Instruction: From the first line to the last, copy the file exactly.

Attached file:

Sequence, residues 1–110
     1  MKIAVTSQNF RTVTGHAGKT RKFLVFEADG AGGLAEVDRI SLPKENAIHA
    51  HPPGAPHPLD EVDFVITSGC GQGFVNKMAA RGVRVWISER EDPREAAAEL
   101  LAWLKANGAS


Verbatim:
Sequence, residues 1–110
     1  MKIAVTSQNF RTVTGHAGKT RKFLVFEADG AGGLAEVDRI SLPKENAIHA
    51  HPPGAPHPLD EVDFVITSGC GQGFVNKMAA RGVRVWISER EDPREAAAEL
   101  LAWLKANGAS